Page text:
Seeing AI can “see” and describe the world around you, including short text, documents, products, currency, colors, and environmental scenes. The app can even read handwriting—sticky notes or a sweet missive from someone you love. Here’s a little known fact: the post office has been using the same kind of technology for years to scan and direct mail quickly—a great example of existing technology being leveraged to support those living with vision issues.
Microsoft Soundscape is a research project that explores the use of innovative audio-based technology to enable people, particularly those with blindness or low vision, to build a richer awareness of their surroundings, thus becoming more confident and empowered to get around. Unlike step-by-step navigation apps, Soundscape uses 3D audio cues to enrich ambient awareness and provide a new way to relate to the environment. It allows you to build a mental map and make personal route choices while being more comfortable within unfamiliar spaces.
The mobile app uses the Smartphones’s camera to take pictures of objects or people and then uses the back-end cognitive services to provide a description. The desktop app can provide a description of the content of pictures from any available document library, and if the picture contains a known contact, the app will identify them by name. ViaOpta Hello is available in twelve languages including English, German, French, Spanish, Arabic, Japanese, Chinese, Greek, Portuguese, Dutch, Italian and Hungarian.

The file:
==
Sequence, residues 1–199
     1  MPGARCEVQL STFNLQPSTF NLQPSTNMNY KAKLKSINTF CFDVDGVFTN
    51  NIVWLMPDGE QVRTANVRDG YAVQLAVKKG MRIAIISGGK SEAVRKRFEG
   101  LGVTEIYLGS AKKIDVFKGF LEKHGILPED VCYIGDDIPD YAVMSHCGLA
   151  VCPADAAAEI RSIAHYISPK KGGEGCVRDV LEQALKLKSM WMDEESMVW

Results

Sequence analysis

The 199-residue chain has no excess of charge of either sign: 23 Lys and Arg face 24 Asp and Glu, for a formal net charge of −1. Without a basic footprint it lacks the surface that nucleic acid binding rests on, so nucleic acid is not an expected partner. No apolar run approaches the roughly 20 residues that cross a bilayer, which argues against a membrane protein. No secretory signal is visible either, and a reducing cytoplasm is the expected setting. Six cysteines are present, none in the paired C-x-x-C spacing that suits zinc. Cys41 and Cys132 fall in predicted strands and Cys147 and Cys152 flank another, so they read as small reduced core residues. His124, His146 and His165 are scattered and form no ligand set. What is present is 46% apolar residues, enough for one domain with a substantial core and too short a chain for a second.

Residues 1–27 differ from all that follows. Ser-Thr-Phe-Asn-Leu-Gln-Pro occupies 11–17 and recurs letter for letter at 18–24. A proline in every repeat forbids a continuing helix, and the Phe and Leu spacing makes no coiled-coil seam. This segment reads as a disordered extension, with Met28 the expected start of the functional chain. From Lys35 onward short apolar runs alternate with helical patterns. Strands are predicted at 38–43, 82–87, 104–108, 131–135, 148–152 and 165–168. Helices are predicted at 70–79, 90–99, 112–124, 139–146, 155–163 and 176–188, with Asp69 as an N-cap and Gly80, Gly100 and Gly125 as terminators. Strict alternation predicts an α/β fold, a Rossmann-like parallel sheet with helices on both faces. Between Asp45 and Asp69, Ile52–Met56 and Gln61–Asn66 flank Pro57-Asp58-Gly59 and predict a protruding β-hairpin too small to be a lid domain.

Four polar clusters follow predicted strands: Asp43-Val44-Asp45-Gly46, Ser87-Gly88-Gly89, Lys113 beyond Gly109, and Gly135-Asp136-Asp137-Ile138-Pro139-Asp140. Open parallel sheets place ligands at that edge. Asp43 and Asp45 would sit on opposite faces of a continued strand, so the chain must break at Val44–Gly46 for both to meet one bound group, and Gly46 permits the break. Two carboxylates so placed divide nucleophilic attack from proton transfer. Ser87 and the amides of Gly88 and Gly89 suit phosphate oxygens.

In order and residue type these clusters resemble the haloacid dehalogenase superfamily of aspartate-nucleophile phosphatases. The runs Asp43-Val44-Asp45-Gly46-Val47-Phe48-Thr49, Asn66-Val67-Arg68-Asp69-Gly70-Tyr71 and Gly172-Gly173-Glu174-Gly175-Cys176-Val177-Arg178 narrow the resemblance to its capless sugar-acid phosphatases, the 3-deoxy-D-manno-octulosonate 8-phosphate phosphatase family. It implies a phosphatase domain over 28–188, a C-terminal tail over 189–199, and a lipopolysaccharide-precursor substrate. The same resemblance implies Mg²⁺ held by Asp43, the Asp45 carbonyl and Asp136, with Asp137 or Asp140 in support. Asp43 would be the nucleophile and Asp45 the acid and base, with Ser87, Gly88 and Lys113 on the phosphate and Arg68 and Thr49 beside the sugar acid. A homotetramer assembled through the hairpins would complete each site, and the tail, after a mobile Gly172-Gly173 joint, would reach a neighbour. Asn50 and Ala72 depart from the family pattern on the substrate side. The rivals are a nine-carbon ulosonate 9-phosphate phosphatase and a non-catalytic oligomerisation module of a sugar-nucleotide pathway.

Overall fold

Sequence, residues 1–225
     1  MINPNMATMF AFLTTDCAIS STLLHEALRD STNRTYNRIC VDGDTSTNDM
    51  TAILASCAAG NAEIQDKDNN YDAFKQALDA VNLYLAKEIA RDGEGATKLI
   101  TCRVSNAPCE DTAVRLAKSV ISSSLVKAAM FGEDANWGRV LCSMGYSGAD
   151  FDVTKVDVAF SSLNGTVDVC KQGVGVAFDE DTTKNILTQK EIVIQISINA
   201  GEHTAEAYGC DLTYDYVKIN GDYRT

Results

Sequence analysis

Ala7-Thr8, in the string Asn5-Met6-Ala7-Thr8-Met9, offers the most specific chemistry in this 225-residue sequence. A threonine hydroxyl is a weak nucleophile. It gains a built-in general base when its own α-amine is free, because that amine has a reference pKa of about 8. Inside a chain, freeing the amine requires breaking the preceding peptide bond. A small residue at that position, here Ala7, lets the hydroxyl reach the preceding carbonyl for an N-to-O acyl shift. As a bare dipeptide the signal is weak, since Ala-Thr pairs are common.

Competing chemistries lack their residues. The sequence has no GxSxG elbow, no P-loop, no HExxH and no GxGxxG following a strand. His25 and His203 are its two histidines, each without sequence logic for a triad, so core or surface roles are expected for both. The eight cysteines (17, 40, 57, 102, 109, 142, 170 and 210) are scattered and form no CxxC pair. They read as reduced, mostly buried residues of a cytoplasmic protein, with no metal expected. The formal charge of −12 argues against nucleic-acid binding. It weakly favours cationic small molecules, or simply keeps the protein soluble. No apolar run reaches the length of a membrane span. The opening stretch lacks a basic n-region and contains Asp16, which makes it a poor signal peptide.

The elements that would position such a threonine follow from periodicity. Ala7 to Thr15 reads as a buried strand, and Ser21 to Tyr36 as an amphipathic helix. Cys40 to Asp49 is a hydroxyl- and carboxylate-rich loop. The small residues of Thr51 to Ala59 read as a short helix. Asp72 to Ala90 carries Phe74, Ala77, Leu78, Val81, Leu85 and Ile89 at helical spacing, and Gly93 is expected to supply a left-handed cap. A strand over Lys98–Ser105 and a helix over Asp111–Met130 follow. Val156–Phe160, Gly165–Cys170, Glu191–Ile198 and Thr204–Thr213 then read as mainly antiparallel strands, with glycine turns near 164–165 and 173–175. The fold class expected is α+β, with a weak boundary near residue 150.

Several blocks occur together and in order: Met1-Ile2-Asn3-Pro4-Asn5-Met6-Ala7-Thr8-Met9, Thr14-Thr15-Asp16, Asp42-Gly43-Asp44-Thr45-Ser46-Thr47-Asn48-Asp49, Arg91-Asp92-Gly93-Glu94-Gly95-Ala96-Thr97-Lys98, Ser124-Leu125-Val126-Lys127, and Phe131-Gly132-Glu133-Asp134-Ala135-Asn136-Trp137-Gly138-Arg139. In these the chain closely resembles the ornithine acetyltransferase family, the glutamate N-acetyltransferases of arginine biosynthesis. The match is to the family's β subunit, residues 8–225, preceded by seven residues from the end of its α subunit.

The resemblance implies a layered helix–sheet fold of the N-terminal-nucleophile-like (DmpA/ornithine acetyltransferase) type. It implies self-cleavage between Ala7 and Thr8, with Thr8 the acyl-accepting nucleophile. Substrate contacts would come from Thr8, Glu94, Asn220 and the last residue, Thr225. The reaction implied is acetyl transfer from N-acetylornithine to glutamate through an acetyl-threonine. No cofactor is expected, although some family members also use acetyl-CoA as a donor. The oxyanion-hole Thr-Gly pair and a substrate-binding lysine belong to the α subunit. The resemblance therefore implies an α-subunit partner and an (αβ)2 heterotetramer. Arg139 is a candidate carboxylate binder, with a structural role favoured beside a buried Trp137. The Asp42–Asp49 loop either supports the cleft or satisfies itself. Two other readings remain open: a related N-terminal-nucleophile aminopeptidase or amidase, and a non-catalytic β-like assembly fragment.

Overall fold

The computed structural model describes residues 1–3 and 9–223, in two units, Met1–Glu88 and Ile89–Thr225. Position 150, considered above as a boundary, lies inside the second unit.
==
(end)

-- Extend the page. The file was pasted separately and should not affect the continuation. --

The WayAround app features a tag-and-scan functionality that lets smartphones read a tag you might add to anything in your environment. For example, you can tag the clothes in your closet with descriptions and color information. Your phone both creates and reads the tag descriptions. You can order the postage sized tags at the WayAround website, and your Apple or Android phone does the rest of the work.
ThirdEye restores autonomy to visually impaired persons’ lives by enabling them to recognize everyday objects. All the user has to do is touch one button and our technology verbally returns back whatever object the user is looking at within seconds (for example a “5 US Dollar Bill” or an “Ibuprofen bottle”).